A compromise is sometimes available in the form of a screen which can support a range of colour spaces accurately. Some higher end screens come with a wide gamut backlight unit. Natively these offer a gamut covering 92 – 102% of the NTSC colour space. However, they also feature emulation modes which can simulate a smaller colour space. These emulation modes are normally available through the OSD menu and offer varying options with varying degrees of reliability. In the best cases the screens can emulate the smaller Adobe RGB colour space, and also the sRGB colour space. This allows the user to work in whichever colour space they prefer but gives them compatibility with a wider range of content if they have the need. The success of these colour space emulations will vary from one screen to another however and are not always accurate. Obviously you are still paying additional money for the wide gamut support, so if you’re only really interested in using sRGB mode then you’d probably be better looking for a standard gamut backlit screen.
Further reading: X-bit Labs Article
LED backlighting has now become the norm for desktop monitors and is available in a few variations. The most common is White-LED (W-LED), which is a replacement for standard CCFL backlighting. The LED’s are placed in a line along the edge of the matrix, and the uniform brightness of the screen is ensured by a special design of the diffuser. The colour gamut is limited to sRGB as standard (around 68 – 72% NTSC) but the units are cheaper to manufacturer and so are being utilised in more and more screens, even in the more budget range. They do have their environmental benefits as they can be recycled, and they have a thinner profile making them popular in super-slim range models and notebook PC’s. It is possible to extend the colour gamut of W-LED displays using “Quantum Dot” technologies which are fairly new.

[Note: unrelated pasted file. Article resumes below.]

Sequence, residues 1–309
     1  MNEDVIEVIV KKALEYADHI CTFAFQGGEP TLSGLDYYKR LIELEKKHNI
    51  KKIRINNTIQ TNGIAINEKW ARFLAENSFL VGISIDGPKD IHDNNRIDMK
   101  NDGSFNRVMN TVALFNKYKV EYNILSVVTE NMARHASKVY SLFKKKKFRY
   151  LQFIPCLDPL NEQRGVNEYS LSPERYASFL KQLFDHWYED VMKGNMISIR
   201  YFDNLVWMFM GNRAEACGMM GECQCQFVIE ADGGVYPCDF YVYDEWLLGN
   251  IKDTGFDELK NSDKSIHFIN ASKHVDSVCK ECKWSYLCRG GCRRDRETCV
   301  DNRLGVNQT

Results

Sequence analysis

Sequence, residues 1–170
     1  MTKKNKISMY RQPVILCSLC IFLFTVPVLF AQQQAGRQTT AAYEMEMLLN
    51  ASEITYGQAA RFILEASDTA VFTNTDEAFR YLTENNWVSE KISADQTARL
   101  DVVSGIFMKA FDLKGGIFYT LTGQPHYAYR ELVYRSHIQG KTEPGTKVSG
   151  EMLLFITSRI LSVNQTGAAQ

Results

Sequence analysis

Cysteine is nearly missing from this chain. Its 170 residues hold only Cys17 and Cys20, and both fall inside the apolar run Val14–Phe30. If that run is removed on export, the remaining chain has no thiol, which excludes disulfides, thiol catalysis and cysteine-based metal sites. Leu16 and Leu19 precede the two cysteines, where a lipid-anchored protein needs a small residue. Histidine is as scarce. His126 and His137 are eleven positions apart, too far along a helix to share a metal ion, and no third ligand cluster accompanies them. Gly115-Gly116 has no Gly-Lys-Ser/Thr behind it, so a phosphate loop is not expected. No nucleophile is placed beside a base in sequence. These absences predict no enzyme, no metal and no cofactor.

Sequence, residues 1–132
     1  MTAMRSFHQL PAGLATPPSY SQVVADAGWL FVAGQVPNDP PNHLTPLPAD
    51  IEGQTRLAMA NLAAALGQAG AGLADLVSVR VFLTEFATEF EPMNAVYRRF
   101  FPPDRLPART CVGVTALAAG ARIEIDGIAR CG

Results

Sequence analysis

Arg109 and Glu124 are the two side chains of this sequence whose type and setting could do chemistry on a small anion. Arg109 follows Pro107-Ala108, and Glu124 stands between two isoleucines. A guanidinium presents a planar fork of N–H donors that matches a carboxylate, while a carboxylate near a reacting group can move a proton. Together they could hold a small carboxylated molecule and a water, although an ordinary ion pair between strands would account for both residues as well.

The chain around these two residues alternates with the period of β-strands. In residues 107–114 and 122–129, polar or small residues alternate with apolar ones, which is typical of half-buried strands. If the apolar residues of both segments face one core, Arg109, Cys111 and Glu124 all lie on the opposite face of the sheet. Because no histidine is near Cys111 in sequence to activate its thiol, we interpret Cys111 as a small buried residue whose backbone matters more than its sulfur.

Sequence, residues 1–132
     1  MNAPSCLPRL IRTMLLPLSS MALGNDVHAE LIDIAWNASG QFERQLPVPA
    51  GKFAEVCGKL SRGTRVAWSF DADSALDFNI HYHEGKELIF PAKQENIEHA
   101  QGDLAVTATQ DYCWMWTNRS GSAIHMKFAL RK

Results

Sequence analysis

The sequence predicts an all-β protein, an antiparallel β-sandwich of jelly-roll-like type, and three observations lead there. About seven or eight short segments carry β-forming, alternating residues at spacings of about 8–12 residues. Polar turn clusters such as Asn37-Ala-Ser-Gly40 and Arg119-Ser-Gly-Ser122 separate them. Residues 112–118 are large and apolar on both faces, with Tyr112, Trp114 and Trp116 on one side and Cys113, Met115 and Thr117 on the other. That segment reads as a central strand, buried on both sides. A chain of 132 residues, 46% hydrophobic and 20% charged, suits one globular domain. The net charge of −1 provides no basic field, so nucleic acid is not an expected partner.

Above: colour gamut of a typical LED backlit display, covering 114% of the NTSC colour space
RGB LED backlighting consists of an LED backlight based on RGB triads, each triad including one red, one green and one blue LED. With RGB LED backlighting the spectrum of each LED is rather wide, so their radiation can’t be called strictly monochromatic and they can’t match a laser display, yet they are much better than the spectrum of CCFL and WCG-CCFL backlighting. RGB LED backlighting is not common yet in desktop monitors, and their price tends to put them way above the budget of all but professional colour enthusiast and business users. These models using RGB LED backlights are capable of offering a gamut covering > 114% of the NTSC colour space. They are not really used at all nowadays as they were prohibitively expensive.
There are also wide gamut LED backlights available and more commonly used nowadays as they are cheaper to manufacturer than older RGB LED versions. GB-r-LED for instance is provided by LG.Display and can offer wide gamut support from an LED backlight. Other panel manufacturers have their equivalents as well. Modern LED screens with wide gamut support tend to have a percentage coverage of the Adobe RGB reference space listed in the display spec, with 99% Adobe RGB being pretty standard for wide gamut LED technologies.
Further reading: LED Backlighting Article
You will commonly see a monitor’s gamut listed as a percentage compared with a reference colour space. This will vary depending on which reference a manufacturer uses, but commonly you will see a % against the NTSC or Adobe RGB colour spaces. Bear in mind also that the gamut / colour space of the sRGB standard equates to about 72 – 75% of the NTSC reference. This is the standard colour space for the Windows operating system and the internet, and so where extended colour spaces are produced from a monitor, considerations need to be made as to the colour space of the content you are viewing.